So ridiculous and notorious was Obasanjo’s fear that he became the object as well as subject of ribald jokes by comedians and clowns. In particular, a mockery was made of the usual broadcast to the nation, which was often interjected by pleas of “don’t shoot me, don’t shoot me”.

Cartoonists also had a field day cataloguing his demeanor projected by a comical pouch, tribal marks and choice of language by then General Obasanjo, considered no better than that of the okorofo soldier in the barracks.

The late Afrobeat maestro, Fela Anikulapo, further mobilised a critical segment of the society dedicated at rubbishing and exposing the duplicity in the public’s perception of the man. Though Obasanjo tried several times to reverse Fela’s avowed determination to rubbish him, public’s regard for the ex-General, especially in the South West geo-political zone, remained largely negative.

So bad was the picture painted that at some time, the then military Head of State was rumoured to have resigned out of fear. But the rumour mill also claimed that the intervention of Yar’Adua and Danjuma made him to reverse the resignation.

It is not clear whether Obasanjo heard some of the allegations, which in some cases bordered on the ludicrous while in office. However, his ears must have become full soon after quitting, especially the claim that he bowed out of office at the instance of Yar’Adua and Danjuma, both of whom were said to have pointedly told him to do so on the grounds that they could not guarantee Obasanjo’s safety after October 1, 1983.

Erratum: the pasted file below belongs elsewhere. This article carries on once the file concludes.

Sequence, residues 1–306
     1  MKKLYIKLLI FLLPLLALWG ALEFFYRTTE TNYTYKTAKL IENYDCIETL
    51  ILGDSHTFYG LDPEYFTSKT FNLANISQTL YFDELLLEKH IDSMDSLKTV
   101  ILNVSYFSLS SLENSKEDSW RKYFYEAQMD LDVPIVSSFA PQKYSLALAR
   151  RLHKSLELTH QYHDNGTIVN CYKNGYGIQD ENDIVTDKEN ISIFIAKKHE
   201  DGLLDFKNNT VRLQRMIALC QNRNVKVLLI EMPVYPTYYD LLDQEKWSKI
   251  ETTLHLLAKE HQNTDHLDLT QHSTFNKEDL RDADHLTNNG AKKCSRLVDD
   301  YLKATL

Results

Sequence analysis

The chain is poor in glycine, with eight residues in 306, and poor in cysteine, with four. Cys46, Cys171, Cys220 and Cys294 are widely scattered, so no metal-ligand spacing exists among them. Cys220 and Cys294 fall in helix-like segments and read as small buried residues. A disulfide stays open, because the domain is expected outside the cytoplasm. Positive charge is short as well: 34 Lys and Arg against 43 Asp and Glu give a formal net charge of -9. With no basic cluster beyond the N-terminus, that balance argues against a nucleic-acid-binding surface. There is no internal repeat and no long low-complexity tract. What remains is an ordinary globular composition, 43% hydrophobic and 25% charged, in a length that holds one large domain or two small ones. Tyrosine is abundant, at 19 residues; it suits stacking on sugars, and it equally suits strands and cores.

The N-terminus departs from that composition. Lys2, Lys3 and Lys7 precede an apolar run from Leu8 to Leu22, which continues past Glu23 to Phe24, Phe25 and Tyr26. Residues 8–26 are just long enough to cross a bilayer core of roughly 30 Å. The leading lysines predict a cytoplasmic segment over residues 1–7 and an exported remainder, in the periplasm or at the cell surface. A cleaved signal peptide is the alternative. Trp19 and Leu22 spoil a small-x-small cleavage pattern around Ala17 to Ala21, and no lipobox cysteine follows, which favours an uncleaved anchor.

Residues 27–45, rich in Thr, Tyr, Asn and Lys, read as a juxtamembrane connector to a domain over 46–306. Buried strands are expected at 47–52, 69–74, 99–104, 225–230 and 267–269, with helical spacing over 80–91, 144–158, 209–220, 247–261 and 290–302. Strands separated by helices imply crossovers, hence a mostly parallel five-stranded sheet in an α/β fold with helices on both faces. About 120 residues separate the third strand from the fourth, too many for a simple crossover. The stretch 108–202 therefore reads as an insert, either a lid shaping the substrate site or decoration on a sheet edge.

Paradoxically, it is the same fear that is said to dog the President’s conduct in the Aso Rock Presidential Villa, where he has been undoubtedly held captive by his emotions as well as 10-percenters out to profit from his failings. In seeking a third term, Obasanjo is believed by close watchers of his activities as being out to prove that he was not a coward after all.

This explains why in spite of overwhelming rejection of the agenda, he is forging on, damning whatever risks that may have been lined up to stop the third term bid. That he does not brook opposition of any kind is believed to be in tandem with the thinking of Mr. President.


The Transcorp Trap

Perhaps when he set out to set up the Transcorp Mafia, Obasanjo had good intentions. But the discriminatory policy has turned out to be a booby trap from which the President is trying hard to escape. And it is no longer secret that a new crop of nouveau riche Nigerians have been created.